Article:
Hey everyone – without a doubt, Adobe Lightroom is one very powerful tool that we use at Cole Joseph Photography on a daily basis. Lightroom does a magnificent job at keeping track of your photos and using as a photo storage manager but it is also a very impressive photo editing program. For our workflow we use Adobe Lightroom exclusively, only taking the photo into Photoshop on rare occasion – for this reason we can efficiently cull down 1,500 to 2,000 original images to the final 700 or so being all done and ready to deliver to the client in about 5 hours or so total time. We don’t work on them nonstop and have our brain and eyes turn to jelly so we don’t actually give them the images after 5 hrs but if I track the hours I spend it is about 5 to 8 hrs per wedding of time in Adobe Lightroom.
Some of you might be thinking, 5 hrs?!?!?!? How the heck is that possible? The answer is simply honing in on your workflow and creating systems that help automate the process, wherever you can…and of course the major reason that can make or break any photographer and how long is needed to edit – getting it right (or wrong) in the camera. We do our very best to nail the exposure in the camera and that way our editing is merely going through and just giving our images that little extra “pop” that fits into our editing style. In fact, if you want to instantly become quicker with your photo editing you can start by getting my free Lightroom presets collection that contains 15 rad presets that will give you creative variety with 1 click simplicity.
Today’s tutorial is this portion of the editing process – how to quickly make your images “pop” and how to create and save a preset you have created so you can use again and again and begin to automate your editing. Here we go…
The image below is the image as taken directly from our camera. As you can see there isn’t much “fixing” at all that needs to be done for the photo – it looks pretty good coming straight from the camera, but, we can certainly make the image better. We can add some contrast, brighten the image a bit and even smooth the skin a tad, and maybe even warm up the white balance a bit and I think it will make this good photo into a great one, which is what we are after.
Step 1 – Apply an already defined preset. To achieve the look that I have in my mind I am going to use the preset that I had called “Base Boost – Mid Shadows” seen on the left arrow below. Check out the right arrow below to see the actual sliders and settings. So what did we do? We boosted the exposure a tad, added a touch of fill light, increased the black point, a little more brightness, a little less overall contrast which helps reduce any unwanted shadows and a little less clarity to just smooth out the image a little bit. Instantly with one click this images is way better than the original in my opinion. My standard crisp color edit as shown below is included in my free Lightroom presets collection.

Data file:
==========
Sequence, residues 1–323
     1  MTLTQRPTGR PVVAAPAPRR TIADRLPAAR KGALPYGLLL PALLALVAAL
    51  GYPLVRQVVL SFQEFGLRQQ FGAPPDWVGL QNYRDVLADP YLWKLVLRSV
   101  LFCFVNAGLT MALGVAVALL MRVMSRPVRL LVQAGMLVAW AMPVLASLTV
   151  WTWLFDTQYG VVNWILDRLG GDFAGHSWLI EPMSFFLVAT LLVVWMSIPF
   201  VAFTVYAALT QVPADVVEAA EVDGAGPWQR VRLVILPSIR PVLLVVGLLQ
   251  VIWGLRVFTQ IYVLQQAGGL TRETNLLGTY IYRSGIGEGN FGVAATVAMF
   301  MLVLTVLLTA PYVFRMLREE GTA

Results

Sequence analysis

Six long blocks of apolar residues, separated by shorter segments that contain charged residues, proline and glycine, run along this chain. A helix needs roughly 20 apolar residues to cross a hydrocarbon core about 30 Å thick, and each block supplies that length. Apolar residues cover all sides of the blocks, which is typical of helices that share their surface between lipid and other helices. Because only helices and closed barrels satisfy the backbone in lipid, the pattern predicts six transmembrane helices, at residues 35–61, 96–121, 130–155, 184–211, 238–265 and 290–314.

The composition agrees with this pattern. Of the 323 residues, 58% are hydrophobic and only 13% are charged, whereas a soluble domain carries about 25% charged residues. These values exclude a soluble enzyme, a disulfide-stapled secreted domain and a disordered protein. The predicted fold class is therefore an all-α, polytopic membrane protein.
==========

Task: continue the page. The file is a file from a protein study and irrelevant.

Step 2 – As with most of our images and editing the presets can get you 85% of the way there, or even 100% if your content with the results and it matches with your image nicely, but, for the majority of the time I make some very quick tweaks to the preset settings just to fine tune the image. In this specific case I looked at the histogram and the image and wanted to bring out the dark tones a bit more so I increased the black point, I wanted to see a bit more of the details on the dress so added in the highlight recover slider and as I mentioned originally, felt the image could use some warmth so adjusted the white balance accordingly.
…and here is the final image! Score. Looks way better than original and took very few clicks of the mouse to make this image really pop.
Step 3 – If you already have your presets made then you don’t even need this step, but, if you are creating a brand new preset from the settings you created this is how you do it. As shown in the diagram below simply click on the “+” symbol which will open up the “new develop preset” window. It automatically assume you will want to have all the settings in your new preset but you can select or deselect as you desire, just simply give it a name and hit create! That’s it – you are all done and have your own preset to use over and over 🙂
The finished product – your preset added into the “User Presets” section.
I hope that this quick Adobe Lightroom tutorial helps some of you out and gives you some ideas on how you can effectively use presets to help automate your editing workflow. In this day and age being able to properly edit your photos and not only get the look your after but also do it in an efficient way is huge! This is especially true when shooting 25+ weddings a year when culling through 1000’s of images at a time. We will keep adding more tutorials about working with Adobe Lightroom and more importantly sharing some workflow secrets we’ve developed so make sure to subscribe to our website and follow us on Facebook so you can be alerted when more tutorials are posted!
For a video tutorial showing how to create a custom preset in Adobe Lightroom 4, check this out!
Thanks and talk soon,